PaaS architecture and how it works
PaaS does not typically replace a business’s entire IT infrastructure. Instead, a business relies on PaaS providers for key services, such as application hosting or Java development.
A PaaS provider builds and supplies a resilient and optimized environment on which users can install applications and data sets. Users can focus on creating and running applications rather than constructing and maintaining the underlying infrastructure and services.
Many PaaS products are geared toward software development. These platforms offer compute and storage infrastructure, as well as text editing, version management, compiling and testing services that help developers create new software more quickly and efficiently. A PaaS product can also enable development teams to collaborate and work together, regardless of their physical location.
PaaS pros and cons
The principal benefit of PaaS is simplicity and convenience for users — the PaaS provider supplies much of the infrastructure and other IT services, which users can access anywhere via a web browser. PaaS providers then charge for that access on a per-use basis — a model that many enterprises prefer, as it eliminates the capital expenses they traditionally have for on-premises hardware and software. Some PaaS providers charge a flat monthly fee to access their service, as well as the apps hosted within it.
Service availability or resilience, however, can be a concern with PaaS. If a provider experiences a service outage or other infrastructure disruption, this can adversely affect customers and result in costly lapses of productivity. Provider lock-in is another common concern, since users cannot easily migrate many of the services and much of the data produced through one PaaS product to another competing product. Users must evaluate the business risks of service downtime and lock-in before they commit to a PaaS provider.
Internal changes to a PaaS product are also a potential issue. For example, if a PaaS provider stops supporting a certain programming language or opts to use a different set of development tools, the impact on users can be difficult and disruptive. Users must follow the PaaS provider’s service roadmap to understand how the provider’s plans will affect its environment and capabilities.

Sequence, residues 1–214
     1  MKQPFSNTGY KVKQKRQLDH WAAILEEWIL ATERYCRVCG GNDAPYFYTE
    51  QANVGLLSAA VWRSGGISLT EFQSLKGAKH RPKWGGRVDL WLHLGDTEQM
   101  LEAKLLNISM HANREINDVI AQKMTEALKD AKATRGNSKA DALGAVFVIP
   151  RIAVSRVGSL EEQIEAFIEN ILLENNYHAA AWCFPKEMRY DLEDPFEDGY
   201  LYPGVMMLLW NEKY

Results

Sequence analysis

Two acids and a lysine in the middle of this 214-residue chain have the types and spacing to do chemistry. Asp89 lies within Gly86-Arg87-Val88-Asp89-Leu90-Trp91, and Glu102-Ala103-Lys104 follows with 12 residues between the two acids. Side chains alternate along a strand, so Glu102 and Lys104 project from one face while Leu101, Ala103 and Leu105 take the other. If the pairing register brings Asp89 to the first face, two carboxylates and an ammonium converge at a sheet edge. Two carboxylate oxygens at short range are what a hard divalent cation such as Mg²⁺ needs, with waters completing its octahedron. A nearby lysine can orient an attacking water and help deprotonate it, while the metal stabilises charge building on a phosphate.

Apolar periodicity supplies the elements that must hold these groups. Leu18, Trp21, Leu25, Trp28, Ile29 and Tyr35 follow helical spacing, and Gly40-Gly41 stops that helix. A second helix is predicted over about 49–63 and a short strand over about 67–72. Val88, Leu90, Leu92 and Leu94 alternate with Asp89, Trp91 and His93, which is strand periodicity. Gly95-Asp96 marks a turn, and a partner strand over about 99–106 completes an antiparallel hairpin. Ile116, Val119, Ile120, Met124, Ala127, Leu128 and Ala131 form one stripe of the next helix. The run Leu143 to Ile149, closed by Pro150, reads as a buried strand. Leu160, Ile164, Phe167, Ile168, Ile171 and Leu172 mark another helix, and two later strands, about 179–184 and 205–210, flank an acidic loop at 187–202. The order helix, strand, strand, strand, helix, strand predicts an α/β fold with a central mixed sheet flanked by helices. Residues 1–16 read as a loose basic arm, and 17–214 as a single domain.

PaaS vs. SaaS vs. IaaS
With IaaS, a provider supplies the basic compute, storage and networking infrastructure along with the hypervisor (the virtualization layer). Users must then create virtual machines, install operating systems, support applications and data, and handle all of the configuration and management associated with those tasks.
With PaaS, a provider offers more of the application stack than IaaS providers, adding operating systems, middleware (such as databases) and other runtimes into the cloud environment.
With SaaS, a provider offers an entire application stack. Users simply log in and use the application that runs completely on the provider’s infrastructure.
Leading PaaS vendors
There are many examples of PaaS providers that supply the tools and services needed to build enterprise applications in the cloud.
Google App Engine supports distributed web applications using Java, Python, PHP and Go. Red Hat OpenShift is a PaaS offering for creating open source applications using a wide variety of languages, databases and components. The Heroku PaaS offers Unix-style container computing instances that run processes in isolated environments, while supporting languages like Ruby, Python, Java, Scala, Cloture and Node.js.
Microsoft Azure supports application development in .NET, Node.js, PHP, Python, Java and Ruby, and allows developers to use software developer kits (SDKs) and Visual Studio to create and deploy applications. AWS Elastic Beanstalk allows users to create, deploy and scale web applications and services developed with Java, .NET, PHP, Node.js, Python, Ruby, Go and Docker on common servers, such as Apache, Nginx, Passenger and IIS.
While many PaaS providers offer similar services, each provider can pose unique nuances and limitations. It is important for users to test prospective providers to ensure their services meet any business or technical requirements, such as languages supported and service availability.